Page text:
Model 3 examined the association when comparing cousins and siblings differentially exposed in the full sample while controlling for birth order effects. The models used a series of contrast codes that have been shown to accurately estimate within and between family effects at multiple levels (Neuhaus & McCulloch, 2006). The statistical approach results in parameters equivalent to that of a fixed effects model (Greene, 2003). For further details concerning the analytical approach, including explanations of the coding, see D’Onofrio et al. (2008) and Harden et al. (2007). Sibling comparisons were based on contrast codes created by subtracting the mother’s average SDP across all of her pregnancies from the child’s specific exposure. For example, if a mother had two children and only smoked during one pregnancy, the exposed sibling would receive a score = 0.50 and the unexposed sibling would receive a contrast code of −0.50. The contrast codes, therefore, compare exposure to SDP relative to their sibling’s exposure. A similar approach was used to compare cousins. Contrast codes were calculated by subtracting the average level of SDP across all women in an extended family (the adult sisters) from each mother’s average SDP across all of her pregnancies. The contrast codes compared siblings from a nuclear family who were more exposed to SDP on average to their cousins who were less exposed to SDP on average. The mean SDP across all cousins was also included in the model because the parameter associated with the variable provides a comparison of unrelated individuals (i.e. the parameter compares cousins who are all exposed to more SDP on average to unrelated sets of cousins who were exposed to less SDP on average). Model 3, therefore, provides estimates of the association between SDP and AA when comparing unrelated individuals, cousins, and siblings.
The next two models were conducted to further explore the cousin comparisons (Model 4) and the sibling comparisons (Model 5). Model 4 specifically examined whether the magnitude of the cousin comparison depended on whether the cousins were full or half cousins. The model was fit to a subset of the data that only included two adult sisters and their offspring from each extended family so that only one cousin comparison could be made per extended family (a conservative approach to handling extended families with more than two adult sisters). The model utilized the contrast coding scheme for cousin comparisons explained above (recalculated for the subset) and the interaction of the contrast coding with a variable that identified whether the cousins were half- (coded = 0) or full cousins (coded = 1). The interaction term, therefore, estimated the difference in the magnitudes of the associations between SDP and school grades in the two types of cousin pairs. The parameter associated with the interaction specifically estimated whether cousin type (full vs. half) moderates the association between SDP and AA, providing a statistical test of whether the SDP-AA association was stronger when comparing half cousins than when comparing full cousins (e.g., D’Onofrio et al., 2005). The model also included the main effect of cousin relatedness.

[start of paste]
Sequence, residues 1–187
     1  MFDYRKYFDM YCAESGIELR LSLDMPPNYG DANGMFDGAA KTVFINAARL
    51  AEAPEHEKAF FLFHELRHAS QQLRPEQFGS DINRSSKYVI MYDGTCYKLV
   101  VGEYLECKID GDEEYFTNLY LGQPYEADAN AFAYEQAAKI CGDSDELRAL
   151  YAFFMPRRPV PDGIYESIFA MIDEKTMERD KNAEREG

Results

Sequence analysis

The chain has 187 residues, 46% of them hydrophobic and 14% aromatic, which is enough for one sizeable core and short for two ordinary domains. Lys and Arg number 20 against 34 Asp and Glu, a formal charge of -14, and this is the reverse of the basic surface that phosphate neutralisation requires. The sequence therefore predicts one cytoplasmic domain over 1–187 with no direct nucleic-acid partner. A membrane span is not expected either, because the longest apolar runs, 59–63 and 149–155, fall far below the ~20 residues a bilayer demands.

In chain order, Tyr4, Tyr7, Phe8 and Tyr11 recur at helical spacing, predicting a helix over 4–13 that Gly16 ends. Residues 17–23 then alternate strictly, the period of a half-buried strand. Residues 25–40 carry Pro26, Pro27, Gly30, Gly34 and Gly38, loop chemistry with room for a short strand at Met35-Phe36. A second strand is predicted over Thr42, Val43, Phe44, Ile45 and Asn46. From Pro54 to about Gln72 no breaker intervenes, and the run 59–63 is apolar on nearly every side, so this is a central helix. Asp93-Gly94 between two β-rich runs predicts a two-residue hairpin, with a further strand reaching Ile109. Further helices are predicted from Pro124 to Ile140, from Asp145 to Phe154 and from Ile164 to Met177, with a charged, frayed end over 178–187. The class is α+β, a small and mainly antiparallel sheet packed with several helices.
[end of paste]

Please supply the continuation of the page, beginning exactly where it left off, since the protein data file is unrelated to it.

Model 5 explored whether the strength of the association between SDP and school grades varied among full and half siblings. The model was fit to the subset of data that only included two offspring per nuclear family, which permitted one sibling comparison per mother. The sibling comparison contrast code approach described above was used (recalculated on the subset). Plus, the interaction of the contrast code with a variable noting the genetic relatedness of the siblings (0 = half siblings, 1 = full siblings) was included in the model (as well as the main effect of sibling type). The parameter associated with the interaction term assessed whether the SDP-AA association differed between full and half siblings.
Studying nuclear families that include half siblings (the siblings had different fathers) who were differentially exposed to SDP provides a unique opportunity to examine risk factors associated with SDP. By comparing the characteristics of the two fathers and the pregnancies that are associated with the mothers smoking during pregnancy allows us to examine whether any pregnancy-specific or paternal risk factors were specifically associated with the pregnancy during which the mother smoked. Therefore, regression models predicting prenatal smoking exposure were fit to a sample of offspring (n = 2,773) from families that included siblings with different biological fathers and differential exposure to SDP.
A series of analyses examined the robustness of the findings presented in the manuscript and are briefly summarized in the text (full results available upon request).